24 OPPORTUNITIES FOR ERROR CORRECTION AND FEEDBACK.
25 (F) ADMINISTRATION OF ONGOING PROGRESS MONITORING ASSESSMENTS
26 TO FREQUENTLY MONITOR PUPIL PROGRESS.
27 (G) SUPPLEMENTAL RESEARCH-BASED READING INTERVENTION DELIVERED
1 BY A TEACHER OR TUTOR WITH SPECIALIZED READING TRAINING THAT IS
2 PROVIDED BEFORE SCHOOL, AFTER SCHOOL, DURING REGULAR SCHOOL HOURS
3 BUT OUTSIDE OF REGULAR ENGLISH LANGUAGE ARTS CLASSROOM TIME, OR ANY
4 COMBINATION OF THESE.
5 (H) PROVIDES PARENTS AND LEGAL GUARDIANS WITH A "READ AT HOME"
6 PLAN OUTLINED IN A PARENTAL CONTRACT, INCLUDING PARTICIPATION IN
7 PARENT AND GUARDIAN TRAINING WORKSHOPS AND REGULAR PARENT-GUIDED OR
8 GUARDIAN-GUIDED HOME READING.
Yes, that would mean the teacher assessed as "highly effective" based in large part on test score evaluations. And who is going to pay for the reading interventions?
[Side note, but totally relevant: The ACLU of Michigan had brought a lawsuit forward based on Highland Park's failure to teach kids to read, and the Supreme Court of Michigan just declined to hear it. People, it's all about funding, and poverty... Go to the end of this piece to read an excerpt of the ACLU statement, or follow the link.]
9 (7) IF THE SUPERINTENDENT OF THE PUPIL'S SCHOOL DISTRICT OR
10 CHIEF ADMINISTRATOR OF THE PUPIL'S PUBLIC SCHOOL ACADEMY GRANTS A
11 GOOD CAUSE EXEMPTION FROM THE REQUIREMENTS OF SUBSECTION (5)(A) FOR
12 A PUPIL, THEN A PUPIL MAY BE ADVANCED TO GRADE 4 WITHOUT MEETING
13 THE REQUIREMENTS OF SUBSECTION (5)(A). A GOOD CAUSE EXEMPTION MAY
14 BE GRANTED ONLY ACCORDING TO THE PROCEDURES UNDER SUBSECTION (9)
15 AND ONLY FOR 1 OF THE FOLLOWING:
16 (A) THE PUPIL IS A STUDENT WITH AN INDIVIDUALIZED EDUCATION
17 PROGRAM WHOSE INDIVIDUALIZED EDUCATION PROGRAM TEAM DETERMINES THAT
18 THE PUPIL IS INELIGIBLE TO TAKE THE STANDARD GRADE 3 STATE
19 ASSESSMENT, OR THE MI-ACCESS ASSESSMENT OR ANY SIMILAR ALTERNATIVE
20 STATE ASSESSMENT, ACCORDING TO HIS OR HER INDIVIDUALIZED EDUCATION
22 (B) THE PUPIL IS A LIMITED ENGLISH PROFICIENT STUDENT WHO HAS
23 HAD LESS THAN 2 YEARS OF INSTRUCTION IN AN ENGLISH LANGUAGE LEARNER
25 (C) THE PUPIL HAS RECEIVED INTENSIVE READING INTERVENTION FOR
26 2 OR MORE YEARS BUT STILL DEMONSTRATES A DEFICIENCY IN READING AND
27 WAS PREVIOUSLY RETAINED IN KINDERGARTEN, GRADE 1, GRADE 2, OR GRADE
For crying out loud! This implies that you could have 10 and 11 year olds in with your 8 year olds. Think that makes any sense developmentally?
It's also worth noting that dyslexia organizations are upset this bill was developed without them. Reading disabilities are often not diagnosed until third or fourth grade.
Here's the full bill.
Supreme Court Refuses to Hear ACLU of Michigan lawsuit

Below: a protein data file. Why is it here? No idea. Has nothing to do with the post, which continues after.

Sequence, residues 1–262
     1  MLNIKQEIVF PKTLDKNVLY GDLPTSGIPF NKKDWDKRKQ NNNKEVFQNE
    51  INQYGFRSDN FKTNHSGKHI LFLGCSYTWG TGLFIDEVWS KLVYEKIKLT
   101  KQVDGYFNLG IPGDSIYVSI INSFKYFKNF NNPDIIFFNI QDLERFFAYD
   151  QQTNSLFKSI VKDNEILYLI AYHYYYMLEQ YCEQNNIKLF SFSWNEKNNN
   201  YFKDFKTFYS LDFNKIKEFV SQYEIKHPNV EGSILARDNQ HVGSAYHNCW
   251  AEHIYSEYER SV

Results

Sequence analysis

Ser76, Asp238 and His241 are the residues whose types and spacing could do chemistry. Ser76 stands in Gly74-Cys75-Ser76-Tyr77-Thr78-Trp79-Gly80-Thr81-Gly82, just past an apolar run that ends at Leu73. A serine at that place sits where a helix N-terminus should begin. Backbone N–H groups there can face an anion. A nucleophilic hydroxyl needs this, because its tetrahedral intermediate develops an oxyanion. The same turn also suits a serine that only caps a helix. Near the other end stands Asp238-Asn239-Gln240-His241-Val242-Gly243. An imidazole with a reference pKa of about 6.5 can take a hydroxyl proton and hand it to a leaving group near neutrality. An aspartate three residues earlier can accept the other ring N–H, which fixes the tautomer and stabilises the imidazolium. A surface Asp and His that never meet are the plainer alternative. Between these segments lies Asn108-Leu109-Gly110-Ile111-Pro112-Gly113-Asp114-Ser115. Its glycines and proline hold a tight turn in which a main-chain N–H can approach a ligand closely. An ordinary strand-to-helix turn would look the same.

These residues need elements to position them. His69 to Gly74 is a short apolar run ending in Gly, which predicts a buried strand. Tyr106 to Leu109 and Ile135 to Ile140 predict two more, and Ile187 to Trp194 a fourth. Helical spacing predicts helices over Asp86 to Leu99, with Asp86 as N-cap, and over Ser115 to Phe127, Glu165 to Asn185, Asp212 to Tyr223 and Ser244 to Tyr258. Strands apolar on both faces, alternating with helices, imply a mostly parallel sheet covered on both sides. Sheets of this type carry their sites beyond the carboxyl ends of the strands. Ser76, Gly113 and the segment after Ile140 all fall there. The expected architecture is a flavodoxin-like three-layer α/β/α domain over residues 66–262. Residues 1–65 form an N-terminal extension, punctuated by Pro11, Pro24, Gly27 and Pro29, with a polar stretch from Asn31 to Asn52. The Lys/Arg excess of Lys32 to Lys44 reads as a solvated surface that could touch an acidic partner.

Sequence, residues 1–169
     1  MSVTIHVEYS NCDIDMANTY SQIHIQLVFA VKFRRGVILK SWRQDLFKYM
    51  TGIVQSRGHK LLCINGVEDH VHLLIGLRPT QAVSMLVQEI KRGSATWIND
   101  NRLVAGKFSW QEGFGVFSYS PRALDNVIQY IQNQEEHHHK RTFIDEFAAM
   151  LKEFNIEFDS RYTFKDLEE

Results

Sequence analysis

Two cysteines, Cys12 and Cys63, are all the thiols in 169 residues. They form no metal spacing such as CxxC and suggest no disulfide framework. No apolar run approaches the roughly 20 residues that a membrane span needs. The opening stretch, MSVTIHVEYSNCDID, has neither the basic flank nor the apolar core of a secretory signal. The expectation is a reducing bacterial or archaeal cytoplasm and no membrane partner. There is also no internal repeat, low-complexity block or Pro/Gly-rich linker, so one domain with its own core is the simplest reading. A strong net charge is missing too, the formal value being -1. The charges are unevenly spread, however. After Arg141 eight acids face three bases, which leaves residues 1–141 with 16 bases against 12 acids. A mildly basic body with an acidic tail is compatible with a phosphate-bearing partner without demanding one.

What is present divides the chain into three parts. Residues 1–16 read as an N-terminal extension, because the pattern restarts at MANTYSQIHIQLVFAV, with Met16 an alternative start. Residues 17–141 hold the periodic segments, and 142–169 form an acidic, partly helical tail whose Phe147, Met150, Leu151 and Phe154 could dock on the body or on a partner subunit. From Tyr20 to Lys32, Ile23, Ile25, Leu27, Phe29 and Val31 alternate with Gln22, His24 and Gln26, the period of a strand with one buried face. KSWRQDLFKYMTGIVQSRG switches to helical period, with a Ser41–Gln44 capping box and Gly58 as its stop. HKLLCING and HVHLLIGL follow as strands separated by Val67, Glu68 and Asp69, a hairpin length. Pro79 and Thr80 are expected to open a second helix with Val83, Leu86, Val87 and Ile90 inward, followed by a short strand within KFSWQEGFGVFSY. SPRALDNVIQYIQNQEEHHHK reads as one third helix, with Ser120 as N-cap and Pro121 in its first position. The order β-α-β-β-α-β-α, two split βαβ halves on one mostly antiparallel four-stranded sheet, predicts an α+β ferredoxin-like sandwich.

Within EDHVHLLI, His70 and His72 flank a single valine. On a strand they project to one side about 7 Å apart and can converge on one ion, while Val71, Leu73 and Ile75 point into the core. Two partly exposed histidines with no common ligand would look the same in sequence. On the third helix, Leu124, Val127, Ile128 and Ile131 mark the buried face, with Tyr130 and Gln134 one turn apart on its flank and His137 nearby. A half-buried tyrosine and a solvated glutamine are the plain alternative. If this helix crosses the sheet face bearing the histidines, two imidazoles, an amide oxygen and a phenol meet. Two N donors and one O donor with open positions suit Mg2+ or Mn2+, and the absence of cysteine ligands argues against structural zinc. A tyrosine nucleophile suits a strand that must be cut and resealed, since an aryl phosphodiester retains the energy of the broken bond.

The ACLU had brought forward a case filed on behalf of eight public-school students in Highland Park who contend that the district has failed to meet its obligation to ensure basic literacy skills among children in the district.
|By car, it's a little over an hour to drive from Highland Park to Lansing,|
but clearly it's a world away. Screenshot from Google Maps.
As the ACLU writes, "Today the state Supreme Court refused to hear a case that ruled against children whose schools have failed to teach them to read. While the trial court decided that The appellate court said that the state has no enforceable duty to ensure that schoolchildren actually learn fundamental skills such as reading – but rather is obligated only to establish and finance a public education system, regardless of the quality of that system. Waving off decades of historic judicial precedent, the majority opinion contended that “judges are not equipped to decide educational policy"...
Dissenting from the majority opinion, Judge Douglas Shapiro accused the Court of Appeals of “abandonment of our essential judicial roles, that of enforcement of the rule of law even where the defendants are governmental entities, and of protecting the rights of all who live within Michigan’s borders, particularly those, like children, who do not have a voice in the political process.
ALSO (my summary): The Supreme Court ACKNOWLEDGED an abysmal failure of the system, but by refusing to hear the case essentially said, "It's not our problem."
Connect...the....DotsGuess what? In Highland Park, in the lawsuit, a majority of kids failed the state assessment for proficiency in reading. The district had no money. Has no money. Is under emergency management. Can you imagine having all those kids held back, for one, two, or three years?
The state is ABDICATING its responsibility to help kids in poverty-stricken districts, especially, and no amount of "third grade reading bills" that require expensive interventions but don't provide any money for them is going to solve that problem.